receiver positioned at the focal point ix . The Green’s function is defined in the same physical medium as the measured data. The focusing and Green’s functions can be partitioned into up- and downgoing parts and for this we use power-flux normalized quantities (Wapenaar et al. 2014). Revised Marchenko scheme We start with the 3D versions of one-way reciprocity theorems for flux-normalized wave fields and use them for the depth levels 0z and iz . When the medium above the acquisition level 0z is reflection-free, the Green’s function representations are given by (Wapenaar et al. 2014),

00 0 0 0 1 0 1 00

( , , ) ( , , ) ( , , ) ( , , ),i i iG t d R t f t t dt f t+¥- + -

¶¢ ¢ ¢ ¢ ¢ ¢= - -ò òDx x x x x x x x x (1)

80th EAGE Conference & Exhibition 2018 11-14 June 2018, Copenhagen, Denmark

0

0

0 0 0 0 1 0 1 0( , , ) ( , , ) ( , , ) ( , , ).i i iG t d R t f t t dt f t+ - +

¶ -¥¢ ¢ ¢ ¢ ¢ ¢- = - - - +ò òDx x x x x x x x x (2)

Superscripts + and - stand for downgoing and upgoing parts, respectively. We write the downgoing focusing and Green’s functions as the sum of a direct part and a coda

1 0 1 0 1 0( , , ) ( , , ) ( , , ),i d i m if t f t f t+ + += +x x x x x x (3)

0 0 0( , , ) ( , , ) ( , , ),i d i m iG t G t G t+ + += +x x x x x x (4)

where 1df+ and dG

+ indicate the direct part, whereas 1mf+ and mG

+ indicate the following coda. We rewrite equations (1) and (2) with the help of equation (4) as

01 0 0 0 0 1 00( , , ) ( , , ) ( , , ) ,i if t d R t f t t dt

+¥- +

¶¢ ¢ ¢ ¢ ¢= -ò òDx x x x x x x for d dt t te e- - < < + (5)

0

0

1 0 0 0 0 0 1 0( , , ) ( , , ) ( , , ) ( , , ) ,i d i if t G t d R t f t t dt+ + -

¶ -¥¢ ¢ ¢ ¢ ¢ ¢- - = - -ò òDx x x x x x x x x for d dt t te e- - < < + (6)

where dt denotes the one-way travel time from a surface point 0¢x to the focusing point ix , and e is a positive value to account for the finite bandwidth. Note that the truncation interval is longer in equations (5) and (6) than it is in the conventional Marchenko scheme. When the focal point is located at a vertical distance above or below a reflector within half the size of the wavelet, the earlier truncation in equation (6) would keep 1df

+ in 1f+ such that it will be updated during the computing,

then the dG+ ( it is present in equation (6) because the time-reversed version of it is overlapped with

1df+ in time ) in equation (6) can be the initial estimate and input for solving the revised Marchenko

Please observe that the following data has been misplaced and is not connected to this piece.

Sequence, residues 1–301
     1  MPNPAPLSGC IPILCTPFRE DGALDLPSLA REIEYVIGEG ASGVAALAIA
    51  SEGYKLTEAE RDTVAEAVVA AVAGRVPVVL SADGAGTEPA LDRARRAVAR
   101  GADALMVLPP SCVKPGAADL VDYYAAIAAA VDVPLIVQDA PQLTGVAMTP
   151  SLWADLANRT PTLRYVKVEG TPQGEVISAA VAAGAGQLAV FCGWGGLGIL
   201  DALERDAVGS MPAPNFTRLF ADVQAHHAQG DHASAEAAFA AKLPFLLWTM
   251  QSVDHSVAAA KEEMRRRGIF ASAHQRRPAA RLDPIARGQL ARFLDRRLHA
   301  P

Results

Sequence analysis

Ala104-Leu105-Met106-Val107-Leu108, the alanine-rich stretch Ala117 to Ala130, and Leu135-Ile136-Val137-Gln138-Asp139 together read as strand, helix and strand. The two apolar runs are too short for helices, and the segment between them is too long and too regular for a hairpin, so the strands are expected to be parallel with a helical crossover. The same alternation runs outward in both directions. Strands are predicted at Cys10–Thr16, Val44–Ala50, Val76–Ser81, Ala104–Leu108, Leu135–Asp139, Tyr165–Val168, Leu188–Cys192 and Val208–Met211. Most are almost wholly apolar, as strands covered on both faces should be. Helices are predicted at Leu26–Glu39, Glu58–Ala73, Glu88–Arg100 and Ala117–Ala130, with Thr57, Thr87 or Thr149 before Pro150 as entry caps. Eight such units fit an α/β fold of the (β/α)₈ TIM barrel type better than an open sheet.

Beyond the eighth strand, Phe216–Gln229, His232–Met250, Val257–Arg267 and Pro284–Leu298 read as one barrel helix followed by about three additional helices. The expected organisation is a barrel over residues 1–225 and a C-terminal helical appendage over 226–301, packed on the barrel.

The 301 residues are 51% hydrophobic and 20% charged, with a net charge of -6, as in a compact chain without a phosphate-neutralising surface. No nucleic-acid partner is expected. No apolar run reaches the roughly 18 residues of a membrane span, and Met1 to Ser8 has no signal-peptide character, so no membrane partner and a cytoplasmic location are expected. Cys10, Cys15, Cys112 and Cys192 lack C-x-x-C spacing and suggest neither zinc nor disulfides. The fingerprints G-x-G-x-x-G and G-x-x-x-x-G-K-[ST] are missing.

scheme, the later truncation in equation (5) would keep the reflection of that reflector in 1f- , which

would be the first event in G - in standard Marchenko scheme, such that 1f- can be correlated with

the modelled dG+ to image that reflector. This can be written as

00 0 1 0( , , ) ( , , ) ( , , ) ,i i d i it d G t f t t dt

+¥ + -

¶ -¥¢ ¢ ¢ ¢ ¢ ¢= - -ò òDI x x x x x x x (7)

Equation (7) shows that ( , , )i i tI x x can be used for estimating the image of ix with 0t = . Standard Marchenko scheme The standard Marchenko scheme is obtained from equations (1) and (2) with the help of equation (3)

01 0 0 0 0 1 00( , , ) ( , , ) ( , , ) ,i if t d R t f t t dt

+¥- +

¶¢ ¢ ¢ ¢ ¢= -ò òDx x x x x x x for d dt t te e- + < < - (8)

0

0

1 0 0 0 0 1 0( , , ) ( , , ) ( , , ) ,m i if t d R t f t t dt+ -

¶ -¥¢ ¢ ¢ ¢ ¢= - -ò òDx x x x x x x for d dt t te e- + < < - (9)

These two equations are the known coupled Marchenko equations that can be solved by the iterative scheme for 1f

- and 1f+ . Note that the truncation interval is shorter in equations (8) and (9) than it is in

the revised Marchenko scheme. When the focal point is located at a vertical distance above or below a reflector within half the size of the wavelet, the earlier truncation in equation (9) would exclude 1df

+

from 1f+ such that it will not be updated during the computing and the estimation of it is required as

input for solving the standard scheme, the later truncation in equation (8) would keep the reflection of that reflector in G - , such that G - can be used to image that reflector. Once 1f

- and 1f+ are found the

Green’s functions G - and G + can be computed from equations (1) and (2). The retrieved Green’s function can be used to image the medium by

00 0 0( , , ) ( , , ) ( , , )i i d i it d G t G t t dt

+¥ + -

¶ -¥¢ ¢ ¢ ¢ ¢ ¢ ¢= +ò òDI x x x x x x x (10)

Equation (10) shows that ( , , )i i t¢I x x can be estimated for the artefact-free image of ix with 0t = . As shown in equations (5) and (6), the revised Marchenko scheme has a new truncation operator. This leads to using 0( , , )d iG t

+ ¢ -x x as the exact initial estimate to start the scheme. In practice, we need to

80th EAGE Conference & Exhibition 2018 11-14 June 2018, Copenhagen, Denmark